After editing all of my images for my triptych project, I learned something very important. In my editing process I discovered that when I shot my photographs, I overlapped the photos just a little too much, which caused them to not line up how I originally envisioned. *sigh* Everything went as planned except for this little snafu. It resulted in a lot of extra work, but I was eventually able to line up the images how I wanted. I will definitely approach this differently next time. I am, however, elated to know that this was the only problem I encountered. Overall, this project was a tons of fun and I plan on creating more triptychs in the future!

And the Winner is…

I love me some Kanye West, but what an ass!!!
Kanye ruined sweet little Taylor Swift’s big moment during her VMA acceptance speech when he obnoxiously went on stage and took the microphone from her stating that “Beyonce had one of the best videos of all time.” At least the crowd booed him.
Check out this article for the full details…

Photographers of the Week

I came across a couple photographers that I found very interesting and wanted to share them. They both have totally different styles all of their own. The first photographer is Loretta Lux. She was originally a painter and you can see this in her images. Her images are very clean, simple, and have this aura about them. The post-processing techniques she engages in makes for very soft, dreamlike, very painterly final photographs. I’m curious to know if she superimposes any of her subjects with the backgrounds they accompany because some look way more processed than others and give that appearance.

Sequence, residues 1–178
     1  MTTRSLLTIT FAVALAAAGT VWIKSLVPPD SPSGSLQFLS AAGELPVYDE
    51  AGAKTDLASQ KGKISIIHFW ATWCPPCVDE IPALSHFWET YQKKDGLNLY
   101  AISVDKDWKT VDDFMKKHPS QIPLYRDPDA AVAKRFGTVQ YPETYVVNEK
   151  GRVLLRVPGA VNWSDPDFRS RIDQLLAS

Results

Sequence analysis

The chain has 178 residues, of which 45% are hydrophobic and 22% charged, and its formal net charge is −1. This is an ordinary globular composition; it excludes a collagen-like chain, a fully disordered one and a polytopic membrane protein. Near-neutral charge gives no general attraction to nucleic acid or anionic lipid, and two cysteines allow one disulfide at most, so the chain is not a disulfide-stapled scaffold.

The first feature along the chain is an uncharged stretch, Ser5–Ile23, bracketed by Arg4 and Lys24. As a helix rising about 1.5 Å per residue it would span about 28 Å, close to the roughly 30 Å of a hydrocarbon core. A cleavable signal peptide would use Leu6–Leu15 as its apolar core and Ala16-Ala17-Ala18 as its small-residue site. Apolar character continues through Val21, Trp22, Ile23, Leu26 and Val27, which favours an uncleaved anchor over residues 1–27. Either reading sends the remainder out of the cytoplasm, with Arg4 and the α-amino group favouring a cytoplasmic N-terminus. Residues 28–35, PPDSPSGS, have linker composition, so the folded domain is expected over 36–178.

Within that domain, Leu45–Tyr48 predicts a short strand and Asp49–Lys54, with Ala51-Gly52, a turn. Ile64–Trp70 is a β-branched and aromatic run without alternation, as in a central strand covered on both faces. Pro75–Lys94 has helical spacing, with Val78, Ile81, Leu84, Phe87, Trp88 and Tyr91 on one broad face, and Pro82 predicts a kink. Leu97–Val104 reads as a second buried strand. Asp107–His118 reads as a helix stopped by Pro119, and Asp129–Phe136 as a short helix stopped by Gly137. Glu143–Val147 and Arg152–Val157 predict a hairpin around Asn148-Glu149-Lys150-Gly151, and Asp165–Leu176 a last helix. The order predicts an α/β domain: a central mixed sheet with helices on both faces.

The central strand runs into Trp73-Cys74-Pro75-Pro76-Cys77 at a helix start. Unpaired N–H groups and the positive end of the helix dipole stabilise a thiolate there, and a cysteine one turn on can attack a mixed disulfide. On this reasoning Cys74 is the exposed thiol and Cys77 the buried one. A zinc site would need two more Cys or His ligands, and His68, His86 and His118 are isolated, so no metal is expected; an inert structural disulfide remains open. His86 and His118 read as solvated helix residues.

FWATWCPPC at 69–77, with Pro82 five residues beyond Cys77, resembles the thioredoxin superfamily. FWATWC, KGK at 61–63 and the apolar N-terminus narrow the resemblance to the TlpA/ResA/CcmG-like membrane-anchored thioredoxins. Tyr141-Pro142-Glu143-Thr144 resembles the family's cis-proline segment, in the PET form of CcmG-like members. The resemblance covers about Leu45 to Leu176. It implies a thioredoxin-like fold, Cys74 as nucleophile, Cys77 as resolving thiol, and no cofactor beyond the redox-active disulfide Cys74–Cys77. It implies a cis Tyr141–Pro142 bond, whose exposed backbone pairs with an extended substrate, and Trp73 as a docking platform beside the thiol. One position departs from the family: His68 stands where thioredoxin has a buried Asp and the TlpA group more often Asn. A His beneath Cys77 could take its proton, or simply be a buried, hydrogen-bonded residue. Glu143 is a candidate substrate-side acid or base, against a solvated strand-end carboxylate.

“The Drummer”
“The Book”

The second photographer is John Mann. He is an American fine-art photographer who also teaches at FSU. I am drawn to his map series and the intricate detail that I can see went into these works. The subdued color really makes the images what they are.

“Untitled (arc)”

“Untitled (ocean)”

“Untitled (Moskva)”

“Untitled (divide)”

9-11 Never Forget

A few photos I took of my husband in honor of those who have served our country, those who currently do, and those who will.

If you’re ever in San Antonio, Texas…

Over the past Fourth of July holiday my husband and I went to San Antonio, TX to visit his brother before he left for Afghanistan for the next year. We had blast even though we were battling triple digit temperatures the entire time! One of my favorite places I went to was the McNay Museum. We were shocked to see pieces from Pablo Picasso, Max Weber, Henri Matisse, Claude Monet, Paul Gauguin, Edgar Degas, Edourd Manet, Pierre-Auguste Renior, Vincent van Gogh, just to name a few. So, if you happen to be in San Antonio…check it out! And if you’re there in the dead of summer like us, the McNay has THE BEST AC!!!

diptychs, triptychs, and grids

Listed bellow are a list of artists who specialize in diptychs, triptychs, and grids. I was provided with them in class for influence and ideas for the current project I am working on. Looking at the work of these artists helped me formulate the ideas for my current project and have also inspired me for future projects. For this project I decided to document people, through the use of triptychs, focusing on one specific detail others may not know about them at first glance. Some of the influences I found for this project came from the artists listed below and some from artist Gillian Wearing. In Wearing’s In the Making series she had her subjects ‘communicate’ through a written statement on a piece of paper and then documented them through photographs. A lot of her work involves discovering honest or unknown details of people. We often judge people at first glance without knowing anything about them. If they are presented in another way maybe we wouldn’t be so quick to judge…

Gilbert and George

David Hilliard

John Bernhard

Lorna Simpson

Roddy Macinnes

Bernd and Hilla Becher

Christian Boltanski

David Hilliard’s The Portrait, The Environment

David Hilliard’s Bleeder